There has been a common theme, however, with these updates and live footage: women’s sports are often downplayed and underrepresented.

But the narrative is starting to shift.

In August, the Nebraska and Omaha volleyball game broke the world record for attendance at a women’s sporting event with 92,003 fans. More recently, Iowa star Caitlin Clark played a major role in the fan turnout that set the seventh all-time attendance record at the Kohl Center in December.

Many Wisconsin Badgers women’s teams have found immense recent success.

Wisconsin’s volleyball squad made it to the Final Four in the NCAA Tournament this year and had three players make the All-American teams. Meanwhile, Wisconsin’s women’s hockey team recently won the WCHA Tournament and is the No. 2 seed going into the NCAA tournament. Both the women’s volleyball and hockey teams won a national championship in the past three seasons.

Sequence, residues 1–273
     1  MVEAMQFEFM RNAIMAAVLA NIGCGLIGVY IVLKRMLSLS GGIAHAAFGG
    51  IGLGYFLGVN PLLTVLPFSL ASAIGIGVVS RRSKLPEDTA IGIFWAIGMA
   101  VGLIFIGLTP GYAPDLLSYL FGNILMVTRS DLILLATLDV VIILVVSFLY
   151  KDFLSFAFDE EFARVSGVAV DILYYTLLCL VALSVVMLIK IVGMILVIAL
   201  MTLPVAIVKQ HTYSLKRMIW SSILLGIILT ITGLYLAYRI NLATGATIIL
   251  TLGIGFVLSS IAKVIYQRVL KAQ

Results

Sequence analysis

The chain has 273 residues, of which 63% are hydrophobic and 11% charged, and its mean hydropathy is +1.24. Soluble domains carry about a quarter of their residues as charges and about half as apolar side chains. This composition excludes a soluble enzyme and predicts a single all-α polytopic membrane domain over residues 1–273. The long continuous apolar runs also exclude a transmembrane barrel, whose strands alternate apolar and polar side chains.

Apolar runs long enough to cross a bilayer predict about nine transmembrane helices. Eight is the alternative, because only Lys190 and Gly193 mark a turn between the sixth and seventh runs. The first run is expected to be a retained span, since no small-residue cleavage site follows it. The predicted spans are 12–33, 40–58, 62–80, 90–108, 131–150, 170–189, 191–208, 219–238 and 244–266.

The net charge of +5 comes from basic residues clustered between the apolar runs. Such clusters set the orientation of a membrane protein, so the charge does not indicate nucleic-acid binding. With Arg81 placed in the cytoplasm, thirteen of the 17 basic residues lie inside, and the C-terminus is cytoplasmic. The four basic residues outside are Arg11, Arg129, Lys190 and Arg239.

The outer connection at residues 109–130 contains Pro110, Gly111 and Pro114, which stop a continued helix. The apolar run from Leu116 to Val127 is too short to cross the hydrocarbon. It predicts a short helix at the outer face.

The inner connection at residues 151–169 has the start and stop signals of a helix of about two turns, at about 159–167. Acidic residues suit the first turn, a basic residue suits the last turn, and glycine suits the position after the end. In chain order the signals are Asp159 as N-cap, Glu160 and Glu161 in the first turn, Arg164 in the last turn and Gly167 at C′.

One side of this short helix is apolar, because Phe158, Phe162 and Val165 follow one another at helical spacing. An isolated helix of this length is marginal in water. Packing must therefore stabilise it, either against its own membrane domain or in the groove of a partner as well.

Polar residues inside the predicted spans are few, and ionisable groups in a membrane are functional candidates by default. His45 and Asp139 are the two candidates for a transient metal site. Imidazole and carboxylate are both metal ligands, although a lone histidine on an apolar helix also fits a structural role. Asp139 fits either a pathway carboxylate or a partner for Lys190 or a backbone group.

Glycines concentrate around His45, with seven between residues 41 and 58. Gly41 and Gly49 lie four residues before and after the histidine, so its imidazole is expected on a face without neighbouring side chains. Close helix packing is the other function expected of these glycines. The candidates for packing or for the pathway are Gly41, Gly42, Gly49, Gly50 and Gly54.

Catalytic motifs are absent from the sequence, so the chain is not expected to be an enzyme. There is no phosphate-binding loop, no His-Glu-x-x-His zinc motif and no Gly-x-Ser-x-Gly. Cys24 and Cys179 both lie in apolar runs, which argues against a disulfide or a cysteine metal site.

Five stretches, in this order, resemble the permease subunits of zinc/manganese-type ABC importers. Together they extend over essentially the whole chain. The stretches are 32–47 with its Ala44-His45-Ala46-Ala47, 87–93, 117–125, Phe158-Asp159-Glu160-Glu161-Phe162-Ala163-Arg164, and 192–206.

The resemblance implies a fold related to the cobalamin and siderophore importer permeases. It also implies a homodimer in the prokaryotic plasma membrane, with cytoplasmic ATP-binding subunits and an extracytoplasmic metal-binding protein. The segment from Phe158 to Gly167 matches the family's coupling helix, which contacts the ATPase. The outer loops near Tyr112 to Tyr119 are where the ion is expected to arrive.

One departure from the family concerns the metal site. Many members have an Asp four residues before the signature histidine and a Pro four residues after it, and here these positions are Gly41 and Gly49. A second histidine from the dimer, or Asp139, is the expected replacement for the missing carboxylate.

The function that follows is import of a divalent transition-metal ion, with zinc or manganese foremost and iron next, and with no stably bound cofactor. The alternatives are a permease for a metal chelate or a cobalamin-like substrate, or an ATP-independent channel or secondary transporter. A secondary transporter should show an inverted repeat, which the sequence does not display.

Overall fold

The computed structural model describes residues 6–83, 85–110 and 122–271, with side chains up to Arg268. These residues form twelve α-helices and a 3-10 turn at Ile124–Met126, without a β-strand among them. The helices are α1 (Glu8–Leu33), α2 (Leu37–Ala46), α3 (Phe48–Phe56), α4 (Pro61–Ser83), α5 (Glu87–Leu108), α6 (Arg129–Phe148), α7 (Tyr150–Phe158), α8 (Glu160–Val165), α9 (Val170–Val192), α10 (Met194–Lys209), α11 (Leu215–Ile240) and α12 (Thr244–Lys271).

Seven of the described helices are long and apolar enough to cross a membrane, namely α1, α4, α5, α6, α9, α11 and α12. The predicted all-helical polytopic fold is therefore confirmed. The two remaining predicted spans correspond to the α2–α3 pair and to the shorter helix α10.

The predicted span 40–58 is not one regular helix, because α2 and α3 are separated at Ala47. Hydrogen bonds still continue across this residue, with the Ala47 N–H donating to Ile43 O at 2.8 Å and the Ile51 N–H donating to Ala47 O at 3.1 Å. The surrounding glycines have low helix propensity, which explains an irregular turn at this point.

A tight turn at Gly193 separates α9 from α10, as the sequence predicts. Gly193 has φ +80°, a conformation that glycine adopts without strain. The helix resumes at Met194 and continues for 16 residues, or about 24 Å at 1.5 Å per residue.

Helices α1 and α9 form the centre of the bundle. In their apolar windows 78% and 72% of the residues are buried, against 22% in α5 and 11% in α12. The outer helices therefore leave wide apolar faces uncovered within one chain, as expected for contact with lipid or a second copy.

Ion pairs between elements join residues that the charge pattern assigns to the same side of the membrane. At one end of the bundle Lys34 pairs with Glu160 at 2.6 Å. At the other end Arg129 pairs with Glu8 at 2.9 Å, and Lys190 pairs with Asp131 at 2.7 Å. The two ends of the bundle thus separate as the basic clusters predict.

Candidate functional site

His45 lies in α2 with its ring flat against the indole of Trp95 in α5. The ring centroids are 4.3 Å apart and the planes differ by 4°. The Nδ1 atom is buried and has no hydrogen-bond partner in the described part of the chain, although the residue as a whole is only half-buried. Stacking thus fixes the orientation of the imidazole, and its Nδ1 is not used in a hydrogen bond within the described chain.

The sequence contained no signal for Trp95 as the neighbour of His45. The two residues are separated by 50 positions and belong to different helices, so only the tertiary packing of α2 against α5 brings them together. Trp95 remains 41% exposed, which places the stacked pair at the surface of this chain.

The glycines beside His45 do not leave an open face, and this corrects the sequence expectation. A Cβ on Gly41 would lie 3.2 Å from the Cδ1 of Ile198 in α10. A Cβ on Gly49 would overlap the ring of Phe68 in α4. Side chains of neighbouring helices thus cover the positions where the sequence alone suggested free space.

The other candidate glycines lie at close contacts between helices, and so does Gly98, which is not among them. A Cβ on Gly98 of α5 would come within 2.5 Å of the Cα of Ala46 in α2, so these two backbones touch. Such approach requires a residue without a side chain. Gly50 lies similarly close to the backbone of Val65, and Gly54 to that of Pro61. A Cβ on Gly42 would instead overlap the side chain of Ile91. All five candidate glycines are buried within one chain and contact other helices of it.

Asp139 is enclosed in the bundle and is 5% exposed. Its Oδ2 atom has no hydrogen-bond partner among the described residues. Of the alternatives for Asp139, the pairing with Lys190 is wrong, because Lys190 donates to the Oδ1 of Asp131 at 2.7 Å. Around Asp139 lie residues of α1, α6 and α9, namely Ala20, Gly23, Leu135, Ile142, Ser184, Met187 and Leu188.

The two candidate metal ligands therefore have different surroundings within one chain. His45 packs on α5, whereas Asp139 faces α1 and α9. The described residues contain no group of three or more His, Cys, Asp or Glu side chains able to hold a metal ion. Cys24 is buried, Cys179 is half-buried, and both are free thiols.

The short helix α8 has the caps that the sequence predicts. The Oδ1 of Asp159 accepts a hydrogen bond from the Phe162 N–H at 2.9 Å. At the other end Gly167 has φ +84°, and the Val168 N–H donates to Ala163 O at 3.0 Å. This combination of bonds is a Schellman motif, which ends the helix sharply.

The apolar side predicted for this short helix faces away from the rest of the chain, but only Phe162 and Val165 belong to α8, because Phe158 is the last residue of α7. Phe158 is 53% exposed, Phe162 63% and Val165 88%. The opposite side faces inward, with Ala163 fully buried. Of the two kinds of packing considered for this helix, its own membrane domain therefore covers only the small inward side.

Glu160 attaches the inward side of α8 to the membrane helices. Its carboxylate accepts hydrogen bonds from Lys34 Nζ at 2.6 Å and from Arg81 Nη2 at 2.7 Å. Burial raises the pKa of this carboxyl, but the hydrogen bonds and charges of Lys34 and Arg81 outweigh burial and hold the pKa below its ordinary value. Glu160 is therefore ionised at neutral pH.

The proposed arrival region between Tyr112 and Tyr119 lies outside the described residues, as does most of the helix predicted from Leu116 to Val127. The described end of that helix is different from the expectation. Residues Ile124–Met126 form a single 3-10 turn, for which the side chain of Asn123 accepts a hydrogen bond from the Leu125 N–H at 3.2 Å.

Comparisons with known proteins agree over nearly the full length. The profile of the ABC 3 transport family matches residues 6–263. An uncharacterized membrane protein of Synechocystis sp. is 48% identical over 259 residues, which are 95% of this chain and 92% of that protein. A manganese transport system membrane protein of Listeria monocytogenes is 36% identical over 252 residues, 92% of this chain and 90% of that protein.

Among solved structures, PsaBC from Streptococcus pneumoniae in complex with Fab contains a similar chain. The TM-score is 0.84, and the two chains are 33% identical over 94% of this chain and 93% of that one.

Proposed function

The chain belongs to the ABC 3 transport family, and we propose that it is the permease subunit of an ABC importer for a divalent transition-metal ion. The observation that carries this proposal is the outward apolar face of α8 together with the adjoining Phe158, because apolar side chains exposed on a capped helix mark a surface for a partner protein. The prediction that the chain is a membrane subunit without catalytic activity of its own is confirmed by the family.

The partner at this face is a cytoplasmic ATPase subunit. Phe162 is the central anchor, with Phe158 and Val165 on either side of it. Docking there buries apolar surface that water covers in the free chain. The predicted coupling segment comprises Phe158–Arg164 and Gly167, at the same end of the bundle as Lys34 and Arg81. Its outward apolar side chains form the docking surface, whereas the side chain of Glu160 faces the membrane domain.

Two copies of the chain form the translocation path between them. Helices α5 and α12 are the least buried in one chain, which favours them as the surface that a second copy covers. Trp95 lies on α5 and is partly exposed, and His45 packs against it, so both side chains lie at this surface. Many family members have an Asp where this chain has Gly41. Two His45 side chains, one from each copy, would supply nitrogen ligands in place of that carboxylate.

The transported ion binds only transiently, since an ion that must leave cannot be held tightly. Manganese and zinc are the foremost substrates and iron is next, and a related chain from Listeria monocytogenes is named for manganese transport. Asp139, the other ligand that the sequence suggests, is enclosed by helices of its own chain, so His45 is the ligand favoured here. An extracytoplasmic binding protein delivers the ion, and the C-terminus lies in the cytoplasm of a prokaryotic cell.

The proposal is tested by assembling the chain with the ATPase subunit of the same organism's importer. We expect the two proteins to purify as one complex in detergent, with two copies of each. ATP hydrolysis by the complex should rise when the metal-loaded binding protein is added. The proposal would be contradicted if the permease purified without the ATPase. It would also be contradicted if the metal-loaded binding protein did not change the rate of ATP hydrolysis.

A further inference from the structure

With this recent upswing, there is no doubt the Madison community has taken notice. To gauge the sentiment of the state of women’s sports in Badgers territory, The Daily Cardinal went to State Street to chat with University of Wisconsin-Madison students.

Their love of women’s sports teams is undeniable.

Freshman Monica Coffery was particularly excited about Madison’s rising women stars. In her view, women’s sports “have taken a backseat for a long time.”

Now, they’re “finally getting the recognition they deserve” from Wisconsin fans and a media ecosystem who recog-

nize the work ethic and grit of women in sports, Caffrey said.

“I believe that women work not only harder when it comes to sports because they love the sport, but women work hard because they have to,” she added. “Men have dominated the sports industry for far too long. It is time for women to be finally recognized and appreciated for not only their love for the sport but for their dedication to the sport and all women.”